This weekend's summit in Brussels is widely expected to be decisive in solving the eurozone debt crisis, with the European Union (EU) and eurozone governments making last-ditch efforts to come up with a solution.
With the deadline fast approaching, EU leaders are desperately trying to find a cure for this destructive crisis, which has already infected Europe as a whole and is now threatening the world beyond.
Agreement on bank recapitalization, further debt relief for defaulting Greece and a strengthening of budget discipline as well as a mechanism reform are due to be reached at the summit.
However, curing ailing Europe has proven to be an arduous and time-consuming task.
With Germany and France still at odds over issues like how to incease the firepower of the eurozone's bailout fund, the two countries' power struggle is proving counterproductive to the summit's success.
Germany, France and the remaining European countries are being urged by the global community to assume their responsibilities and strengthen their determination to solve the crisis.
As the two strongest member nations of the eurozone, Germany and France should put aside their differences and put the interests of Europe as a whole first. Only by bridging differences and building mutual trust can they save Europe as a whole.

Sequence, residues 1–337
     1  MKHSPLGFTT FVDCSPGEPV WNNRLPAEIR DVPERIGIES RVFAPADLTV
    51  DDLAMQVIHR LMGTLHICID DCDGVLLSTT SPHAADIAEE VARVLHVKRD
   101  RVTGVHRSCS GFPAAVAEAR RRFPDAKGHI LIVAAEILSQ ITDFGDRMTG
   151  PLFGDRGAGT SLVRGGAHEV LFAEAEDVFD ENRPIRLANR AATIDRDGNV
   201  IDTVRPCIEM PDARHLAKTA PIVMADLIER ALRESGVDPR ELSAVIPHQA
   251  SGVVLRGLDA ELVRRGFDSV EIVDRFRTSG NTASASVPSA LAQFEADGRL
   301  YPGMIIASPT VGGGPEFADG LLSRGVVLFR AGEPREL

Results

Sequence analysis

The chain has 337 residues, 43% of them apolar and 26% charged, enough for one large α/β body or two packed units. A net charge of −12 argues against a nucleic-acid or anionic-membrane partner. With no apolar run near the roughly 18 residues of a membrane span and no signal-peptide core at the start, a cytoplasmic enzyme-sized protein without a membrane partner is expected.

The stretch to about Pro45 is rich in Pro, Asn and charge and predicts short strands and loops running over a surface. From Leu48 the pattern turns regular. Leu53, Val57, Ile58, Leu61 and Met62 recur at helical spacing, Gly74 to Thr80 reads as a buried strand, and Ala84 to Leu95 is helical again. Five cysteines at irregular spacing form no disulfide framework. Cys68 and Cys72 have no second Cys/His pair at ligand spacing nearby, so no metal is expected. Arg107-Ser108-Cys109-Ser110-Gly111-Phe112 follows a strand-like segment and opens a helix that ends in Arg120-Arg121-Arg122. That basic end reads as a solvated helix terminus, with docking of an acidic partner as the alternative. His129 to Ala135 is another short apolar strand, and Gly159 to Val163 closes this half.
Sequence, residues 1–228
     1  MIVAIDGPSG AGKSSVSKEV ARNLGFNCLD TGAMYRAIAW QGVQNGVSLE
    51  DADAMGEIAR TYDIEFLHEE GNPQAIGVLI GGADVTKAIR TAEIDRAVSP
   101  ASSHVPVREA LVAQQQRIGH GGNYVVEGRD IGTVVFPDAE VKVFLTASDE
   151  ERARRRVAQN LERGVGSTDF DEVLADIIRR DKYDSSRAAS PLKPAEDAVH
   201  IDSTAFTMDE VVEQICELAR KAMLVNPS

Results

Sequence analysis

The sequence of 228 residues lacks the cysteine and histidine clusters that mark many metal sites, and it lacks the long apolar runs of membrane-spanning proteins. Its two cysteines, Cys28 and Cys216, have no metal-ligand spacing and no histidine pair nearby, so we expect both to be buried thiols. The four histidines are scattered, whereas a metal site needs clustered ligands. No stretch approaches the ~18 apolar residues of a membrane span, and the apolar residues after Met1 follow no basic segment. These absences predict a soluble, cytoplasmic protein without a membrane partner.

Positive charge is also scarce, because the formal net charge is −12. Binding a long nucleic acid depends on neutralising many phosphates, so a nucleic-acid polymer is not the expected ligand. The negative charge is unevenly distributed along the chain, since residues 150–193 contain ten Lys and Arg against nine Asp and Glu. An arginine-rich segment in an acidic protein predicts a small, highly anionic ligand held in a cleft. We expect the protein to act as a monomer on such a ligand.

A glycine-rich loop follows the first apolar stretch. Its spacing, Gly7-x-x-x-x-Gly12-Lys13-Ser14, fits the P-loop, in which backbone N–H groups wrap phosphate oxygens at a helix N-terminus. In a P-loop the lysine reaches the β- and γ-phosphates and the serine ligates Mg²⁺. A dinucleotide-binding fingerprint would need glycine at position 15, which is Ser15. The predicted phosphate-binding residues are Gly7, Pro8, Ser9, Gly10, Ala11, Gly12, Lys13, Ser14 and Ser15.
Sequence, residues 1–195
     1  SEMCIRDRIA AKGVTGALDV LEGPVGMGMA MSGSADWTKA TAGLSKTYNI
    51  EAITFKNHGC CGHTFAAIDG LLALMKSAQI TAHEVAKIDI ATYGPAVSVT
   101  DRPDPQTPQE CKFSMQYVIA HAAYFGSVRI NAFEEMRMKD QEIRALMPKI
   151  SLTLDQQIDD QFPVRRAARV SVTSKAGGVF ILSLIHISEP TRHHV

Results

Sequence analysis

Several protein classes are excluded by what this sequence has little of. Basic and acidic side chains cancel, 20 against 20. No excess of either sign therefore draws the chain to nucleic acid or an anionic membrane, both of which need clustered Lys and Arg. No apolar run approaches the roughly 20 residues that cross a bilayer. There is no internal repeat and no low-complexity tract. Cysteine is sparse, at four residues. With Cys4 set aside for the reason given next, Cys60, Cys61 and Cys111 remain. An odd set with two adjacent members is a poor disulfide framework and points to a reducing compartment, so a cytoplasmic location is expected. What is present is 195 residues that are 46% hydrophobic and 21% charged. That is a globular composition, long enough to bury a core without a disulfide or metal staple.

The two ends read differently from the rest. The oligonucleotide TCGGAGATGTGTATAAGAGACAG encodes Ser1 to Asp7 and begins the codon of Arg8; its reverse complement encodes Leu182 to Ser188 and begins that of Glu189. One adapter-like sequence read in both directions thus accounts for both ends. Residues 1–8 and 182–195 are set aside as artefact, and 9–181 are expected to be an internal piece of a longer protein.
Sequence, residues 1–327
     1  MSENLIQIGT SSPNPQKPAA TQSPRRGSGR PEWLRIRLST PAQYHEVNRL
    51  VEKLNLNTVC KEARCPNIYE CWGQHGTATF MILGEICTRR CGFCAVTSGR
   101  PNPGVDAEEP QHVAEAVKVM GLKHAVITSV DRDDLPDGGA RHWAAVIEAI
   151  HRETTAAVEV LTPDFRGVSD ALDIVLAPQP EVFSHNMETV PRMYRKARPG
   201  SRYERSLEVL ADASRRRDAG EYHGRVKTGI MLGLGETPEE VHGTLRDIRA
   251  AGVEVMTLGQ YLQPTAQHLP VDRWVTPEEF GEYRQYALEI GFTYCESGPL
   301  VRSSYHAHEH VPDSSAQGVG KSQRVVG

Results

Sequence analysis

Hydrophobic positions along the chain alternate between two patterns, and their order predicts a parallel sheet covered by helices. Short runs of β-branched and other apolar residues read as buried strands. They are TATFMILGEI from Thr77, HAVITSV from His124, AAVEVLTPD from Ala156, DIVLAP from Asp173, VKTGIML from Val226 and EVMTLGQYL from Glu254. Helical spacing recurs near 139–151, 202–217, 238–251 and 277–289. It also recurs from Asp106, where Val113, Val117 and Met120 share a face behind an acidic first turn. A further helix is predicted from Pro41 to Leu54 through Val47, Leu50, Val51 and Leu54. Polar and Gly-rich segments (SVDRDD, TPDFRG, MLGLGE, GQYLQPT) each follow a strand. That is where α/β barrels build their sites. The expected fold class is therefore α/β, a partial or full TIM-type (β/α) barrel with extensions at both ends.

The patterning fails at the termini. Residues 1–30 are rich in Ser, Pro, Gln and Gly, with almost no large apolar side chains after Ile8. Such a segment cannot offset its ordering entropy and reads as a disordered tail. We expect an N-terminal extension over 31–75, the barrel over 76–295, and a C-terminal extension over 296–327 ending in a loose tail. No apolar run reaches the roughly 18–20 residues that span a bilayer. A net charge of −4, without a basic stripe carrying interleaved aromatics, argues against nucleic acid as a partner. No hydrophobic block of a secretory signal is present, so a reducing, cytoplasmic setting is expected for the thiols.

What eurozone members should do is stop complaining and bickering, recognize that bailing out defaulting countries like Greece would ultimately serve their own national interests, and then take swift and concrete action.
Yet as Eurogroup President Jean-Claude Juncker rightly recognized before the summit, "we have to deal with 17 governments and 17 states and 17 parliaments." As a result, the summit is bound to be long and difficult, and action may not be as swift as hoped for.
The eurozone debt crisis is in essence the result of a long-term accumulation of internal problems within the EU, with the European economic governance being characterized by deep-seated weakness and a lack of financial supervision institutions.
In the short and medium term, emergency bailout measures, budgetary austerity plans and public financial structure adjustment may be effective in alleviating the crisis. However, a permanent solution may only be found in strengthening the EU as an institution.
In fact, Chinese Premier Wen Jiabao suggested Friday in a phone call with European Council President Herman Van Rompuy that fundamental financial reforms are needed.
"China supports the EU's efforts to cope with the crisis and stands ready to beef up coordination and cooperation with the EU to contribute to a global economic recovery," Wen said.
Ultimately, the European debt crisis, which has come to hang over Europe like a sword of Damocles, next to being a hard-won lesson in fiscal responsibility, may prove to be a chance for Europe to emerge stronger and more united than ever.